Fig. 10.3-14. Transverse section of water lily leaf (Nymphaea). This micrograph shows the upper epidermis (the palisade parenchyma is just below it) and it contains many stomata. The lower epidermis is not visible, but it has no stomata. Can you explain the adaptive significance of this anatomy?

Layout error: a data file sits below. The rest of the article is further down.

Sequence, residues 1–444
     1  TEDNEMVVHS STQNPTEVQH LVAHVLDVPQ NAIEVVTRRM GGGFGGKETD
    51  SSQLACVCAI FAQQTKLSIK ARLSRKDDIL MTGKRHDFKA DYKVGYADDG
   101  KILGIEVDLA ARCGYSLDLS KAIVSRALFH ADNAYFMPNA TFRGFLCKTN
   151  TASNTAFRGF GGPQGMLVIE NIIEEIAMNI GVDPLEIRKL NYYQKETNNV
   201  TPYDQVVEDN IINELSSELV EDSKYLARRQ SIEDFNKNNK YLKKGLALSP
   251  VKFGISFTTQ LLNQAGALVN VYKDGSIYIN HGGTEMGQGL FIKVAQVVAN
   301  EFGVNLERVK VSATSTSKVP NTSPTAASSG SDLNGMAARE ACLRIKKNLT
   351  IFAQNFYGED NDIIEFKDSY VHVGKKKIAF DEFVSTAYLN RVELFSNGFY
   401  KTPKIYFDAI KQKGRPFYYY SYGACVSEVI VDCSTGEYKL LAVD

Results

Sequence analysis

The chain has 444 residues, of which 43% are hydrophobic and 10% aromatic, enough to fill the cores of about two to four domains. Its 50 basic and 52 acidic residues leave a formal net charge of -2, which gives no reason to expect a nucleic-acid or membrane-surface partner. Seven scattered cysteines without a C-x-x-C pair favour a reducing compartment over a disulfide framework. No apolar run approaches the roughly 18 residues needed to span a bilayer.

This is a species of water lily whose leaves float on the surface of a pond or lake. If it were like an ordinary leaf, it would have the majority of its stomata in the lower epidermis, pressed against the water’s surface – they would be unable to absorb any carbon dioxide from the atmosphere. This arrangement – having all the stomata in the upper epidermis – permits the leaves to absorb carbon dioxide. It also causes them to lose much more water, but that is not much of a problem for water lilies. This unusual anatomy would not be adaptive for most terrestrial species, but it is functional in this particular habitat.